As journalists are arrested and democracy diminishes in Turkey, the Istanbul Biennial and Contemporary Istanbul art events won't be pulling any political punches. DW's Werner Bloch reports.
While a trailer for the Istanbul Biennial presents idyllic images of the Bosphorus strait, potential visitors to events at Istanbul Art Week, the largest art showcase ever seen in Turkey, will be questioning their participation amid arrests, repression and a broader government crackdown against opposition in the country.
Nonetheless, a trip to Turkey for the Istanbul Biennial (September 16 - November 12), which follows on from Contemporary Istanbul (September 14 - 17), will reveal art that speaks a subtle but clear political language, and that sends a message to the Turkish government. Indeed, this could be the most important political moment in Turkish art since the Gezi protests of 2013.
In a nearly 600-year-old hammam in the Islamic district of Fatih, on the Golden Horn of Istanbul, the artist Monica Bonvicini created one of the most unusual works of the Biennial: a replica of the Kaaba, the most holy site in Islam, made up of black belts organized into a cube. Could the belts raise questions regarding eroticism, fashion, punishment or oppression in Turkey? Is the work a comment on the progressive Islamization of the country? Or the role of women in Islam?
Fifty-six artists from 32 countries have contributed to this year's Istanbul Biennial, which is curated by the Danish-Norwegian artist duo Michael Elmgreen and Ingar Dragset. This year's title, "a good neighbor," is surely evocative – yet ambiguous. Is it asking whether Turkey is a good neighbor?
"None of the artists invited by us criticizes directly the political events of the last year," Dragset told DW. "They are quiet voices. The artists want to get together, find new strength and represent an opposing attitude. This happens not boldly but rather more indirectly, in a poetic language. But the exhibition gives a very different picture from what the government would like to see."
Artist duo Michael Elmgreen and Ingar Dragset are curating an Istanbul Biennial with inevitable political overtones
At war with art
It is no secret that Turkish Prime Minister Recep Tayyip Erdogan is at war with contemporary art. He likes to berate artists, writers and theater practitioners as alcoholic cultural garbage and accuses them of an immoral lifestyle. Instead, the president dreams of nationalistic Turkish culture.
While there is a well-educated educational elite in Turkey, an Ipsos Institute survey found out that 49 percent of Turks had never been to the cinema, 39 percent had never read a book, while two-thirds had never visited a theater or a concert hall.
The declared goal of the Istanbul Cultural Foundation, which organizes the art biennial as well as various jazz, theater and film festivals, is to make up this cultural deficit. The cost is borne by one of the country's major industrial families.
Addressing the migrant crisis
With 3.5 million refugees housed in Turkey under an EU agreement, it is not surprising that refugees and migrants comprise the dominant theme at the Istanbul Biennial.
"We had not planned this in any way," said Ingar Dragset. Nonetheless, the theme obviously inspired some of the strongest works at the event. Algerian artist Adel Abdessemed, for example, has created a statue (controversially) made of ivory to recreate the famous "Napalm Girl" photo from 1967 that shows a screaming Vietnamese girl fleeing a village that has been bombed with napalm. Bizarrely, the naked girl in Abdessemed's "Cri" resembles a ballet dancer who is using her arms like wings.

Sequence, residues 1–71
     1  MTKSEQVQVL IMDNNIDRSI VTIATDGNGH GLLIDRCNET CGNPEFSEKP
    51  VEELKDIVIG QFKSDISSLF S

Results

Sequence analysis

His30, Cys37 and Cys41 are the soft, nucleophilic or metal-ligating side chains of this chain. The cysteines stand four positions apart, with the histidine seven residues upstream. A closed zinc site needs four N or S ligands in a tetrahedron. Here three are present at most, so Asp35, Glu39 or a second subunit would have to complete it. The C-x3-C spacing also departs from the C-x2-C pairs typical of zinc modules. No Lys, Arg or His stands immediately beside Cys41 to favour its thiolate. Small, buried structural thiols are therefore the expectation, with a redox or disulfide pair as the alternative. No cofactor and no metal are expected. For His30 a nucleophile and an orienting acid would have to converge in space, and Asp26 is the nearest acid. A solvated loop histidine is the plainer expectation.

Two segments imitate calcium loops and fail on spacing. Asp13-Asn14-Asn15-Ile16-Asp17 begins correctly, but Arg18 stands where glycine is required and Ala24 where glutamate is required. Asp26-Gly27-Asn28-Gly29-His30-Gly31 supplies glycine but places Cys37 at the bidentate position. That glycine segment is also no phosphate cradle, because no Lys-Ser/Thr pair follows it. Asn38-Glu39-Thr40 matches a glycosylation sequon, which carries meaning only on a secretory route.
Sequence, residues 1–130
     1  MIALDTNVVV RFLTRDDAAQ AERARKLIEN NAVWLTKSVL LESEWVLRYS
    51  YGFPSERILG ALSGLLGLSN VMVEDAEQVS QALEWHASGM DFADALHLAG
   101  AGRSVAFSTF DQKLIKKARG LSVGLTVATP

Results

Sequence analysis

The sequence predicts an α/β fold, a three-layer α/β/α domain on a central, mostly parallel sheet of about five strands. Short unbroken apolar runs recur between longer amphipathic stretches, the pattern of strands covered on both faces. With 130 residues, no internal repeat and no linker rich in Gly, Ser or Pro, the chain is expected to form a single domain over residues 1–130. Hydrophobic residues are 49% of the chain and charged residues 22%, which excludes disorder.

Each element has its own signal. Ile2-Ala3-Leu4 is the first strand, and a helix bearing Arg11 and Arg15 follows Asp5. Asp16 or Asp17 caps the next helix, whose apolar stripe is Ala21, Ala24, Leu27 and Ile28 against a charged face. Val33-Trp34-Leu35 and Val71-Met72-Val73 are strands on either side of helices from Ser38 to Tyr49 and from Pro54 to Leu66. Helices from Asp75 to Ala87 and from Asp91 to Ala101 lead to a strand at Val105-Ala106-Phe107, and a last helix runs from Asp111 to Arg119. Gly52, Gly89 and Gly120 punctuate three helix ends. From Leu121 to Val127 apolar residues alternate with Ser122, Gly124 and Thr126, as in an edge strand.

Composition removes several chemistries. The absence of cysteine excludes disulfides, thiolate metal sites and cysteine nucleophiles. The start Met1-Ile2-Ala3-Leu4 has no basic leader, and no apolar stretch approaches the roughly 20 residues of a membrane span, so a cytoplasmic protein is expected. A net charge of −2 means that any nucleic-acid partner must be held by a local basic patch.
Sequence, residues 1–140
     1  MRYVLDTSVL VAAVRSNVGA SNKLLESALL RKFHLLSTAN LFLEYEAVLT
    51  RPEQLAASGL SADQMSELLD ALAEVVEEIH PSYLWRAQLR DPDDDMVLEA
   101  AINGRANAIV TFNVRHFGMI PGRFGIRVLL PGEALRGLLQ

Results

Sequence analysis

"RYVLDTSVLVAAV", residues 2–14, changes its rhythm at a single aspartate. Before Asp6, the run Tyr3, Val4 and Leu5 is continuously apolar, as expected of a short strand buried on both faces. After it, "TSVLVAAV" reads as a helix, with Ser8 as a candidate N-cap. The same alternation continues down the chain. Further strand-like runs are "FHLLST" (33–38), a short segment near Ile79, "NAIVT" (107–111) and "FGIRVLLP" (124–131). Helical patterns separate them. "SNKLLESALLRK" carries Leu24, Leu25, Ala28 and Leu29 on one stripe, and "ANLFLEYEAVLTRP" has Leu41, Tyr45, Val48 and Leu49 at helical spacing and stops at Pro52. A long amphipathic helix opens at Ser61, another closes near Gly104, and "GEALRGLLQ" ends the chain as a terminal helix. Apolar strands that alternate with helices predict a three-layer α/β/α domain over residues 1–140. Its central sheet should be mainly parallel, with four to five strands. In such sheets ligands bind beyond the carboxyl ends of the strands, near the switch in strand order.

The Turkish artist Volkan Aslan presents a video, "Home Sweet Home," in which two women peacefully pot flowers, drink coffee and lie in bed ﹘ but the viewer ultimately realizes they are chugging along the Bosphorus on a houseboat and face an uncertain future as they look for a new home.
Born in Baghdad in 1966, Iraqi-Canadian artist Mahmoud Obaidi contributes paintings created on unstable plaster that also incorporate early childhood drawings. Among them, "Make War not Love" tells of the experience of violence and homelessness.
Olaf Metzel has recycled one of his earlier works, "Sammelstelle," a closed room made of sheet metal and aluminum that originally portrayed the claustrophobic transit areas created for refugees from the former Yugoslavia in 1992. Here, the concept gains revived import in light of the contemporary refugee crisis.
Inspired by hell
Gloomy political messages can also be found at the Contemporary Istanbul art fair, which is taking place for the first time parallel to the Istanbul Biennial. "My work is inspired by hell, but also by Dante's Inferno," said Erkut Terliksiz from the gallery x-ist. "I used to paint in brighter colors, but the atmosphere in our country has become apocalyptic," he added. Amid stars raining from heaven, Terliksiz painted a donkey feverishly working on the salvation of the world in a kind of laboratory. But can a donkey save the world?
Artist Bedri Baykam, the battle-hardened enfant terrible of the Turkish culture scene, has made it his mission to rescue Turkish democracy at Contemporary Istanbul. President of both the Turkish artists' association and the UNESCO International Association of Art, he is full of indignation at the withering of democracy in his country. In response, he has recreated the "Democracy Box," a telephone booth within which people can do, or come and go, as they please.
"This is a square meter of freedom," said Baykam. "There are ... couples who have entered and have made love. [It's a] free space where you can do what you want." In 1987, the "Democracy Box" was shown for the first time in Istanbul at the Atatürk Cultural Center, and is now on sale for 500,000 dollars (418,500 euros). The sale aims to help preserve a piece of Turkish democracy.